Education Ministry Warns Against Political Bias

Days after education officials in Pursat province were accused of distributing CPP-branded shirts to students, the Education Ministry on Wednesday reminded teachers to follow laws that ban political activism and propaganda at schools.

The statement, signed by Education Minister Hang Chuon Naron, did not explicitly mention the shirt distribution in Pursat, which was widely covered in local media and discussed on social media.

“Responding to the present situation,” the statement said, “contributing material, like clothing… that serves political activity or po­litical propaganda is penetrating the education institution.”

The ministry called upon education officials to “take action…and strengthen [efforts] to implement” Article 34 of the Education Law and Article 37 of the Common Stat­ute of Civil Servants. The article in the Education Law states that political activities in educational establishments “shall respect the principles of neutrality.”

“Political activities and/or propaganda for any political party in educational establishments and in­stitutions shall be completely banned,” it reads.

The article in the Common Stat­ure of Civil Servants states that working for or against a political party or candidate constitutes a “professional breach.”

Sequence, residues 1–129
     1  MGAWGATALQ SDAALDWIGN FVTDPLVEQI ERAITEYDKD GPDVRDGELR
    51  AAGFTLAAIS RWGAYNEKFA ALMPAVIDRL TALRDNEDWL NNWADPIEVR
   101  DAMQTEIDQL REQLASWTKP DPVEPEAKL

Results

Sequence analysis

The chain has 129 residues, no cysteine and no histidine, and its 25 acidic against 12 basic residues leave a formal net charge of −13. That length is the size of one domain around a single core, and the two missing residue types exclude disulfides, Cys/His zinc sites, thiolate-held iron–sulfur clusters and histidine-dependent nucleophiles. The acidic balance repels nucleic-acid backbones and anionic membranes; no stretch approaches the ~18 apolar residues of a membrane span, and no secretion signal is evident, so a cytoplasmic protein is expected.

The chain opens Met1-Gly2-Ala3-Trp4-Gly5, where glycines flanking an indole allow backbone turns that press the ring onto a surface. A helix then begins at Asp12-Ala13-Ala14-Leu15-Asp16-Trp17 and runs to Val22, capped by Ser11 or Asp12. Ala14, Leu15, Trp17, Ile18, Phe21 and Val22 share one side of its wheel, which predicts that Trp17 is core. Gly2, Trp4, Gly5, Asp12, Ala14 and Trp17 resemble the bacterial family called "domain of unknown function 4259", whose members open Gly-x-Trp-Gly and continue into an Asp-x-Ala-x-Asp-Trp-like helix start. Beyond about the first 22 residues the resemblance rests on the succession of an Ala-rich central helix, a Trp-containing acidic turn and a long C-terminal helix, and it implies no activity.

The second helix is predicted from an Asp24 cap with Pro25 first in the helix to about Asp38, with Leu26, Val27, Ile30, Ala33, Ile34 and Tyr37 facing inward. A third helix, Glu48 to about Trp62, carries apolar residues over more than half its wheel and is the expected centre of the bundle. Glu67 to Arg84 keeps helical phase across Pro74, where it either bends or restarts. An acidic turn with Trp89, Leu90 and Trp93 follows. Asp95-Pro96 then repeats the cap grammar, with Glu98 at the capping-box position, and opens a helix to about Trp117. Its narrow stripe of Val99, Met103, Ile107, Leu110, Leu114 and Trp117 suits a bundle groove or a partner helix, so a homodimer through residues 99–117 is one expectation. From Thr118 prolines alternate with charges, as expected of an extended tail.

On Monday, a student at Pursat High School and the provincial head of a teachers association said pink shirts branded with the words “I Love the Cambodian People’s Party” were handed out by school officials before an event on Sunday.

Ly Sokhunthy, director of the pro­­vincial education department, re­futed the claim and said the students obtained the shirts elsewhere.

Education Ministry officials could not be reached to explain the timing of the statement or whether the distribution of shirts in Pursat was being investigated.

Ouk Chhayavy, acting president of the Cambodian Independent Teachers Association, voiced skepticism about the sincerity of the ministry’s statement.

“I think they issued the statement to look good and to give the impression that they do not have political motivations,” Ms. Chhaya­vy said. “But I want to ask Mr. Hang Chuon Naron, which party do you serve?”

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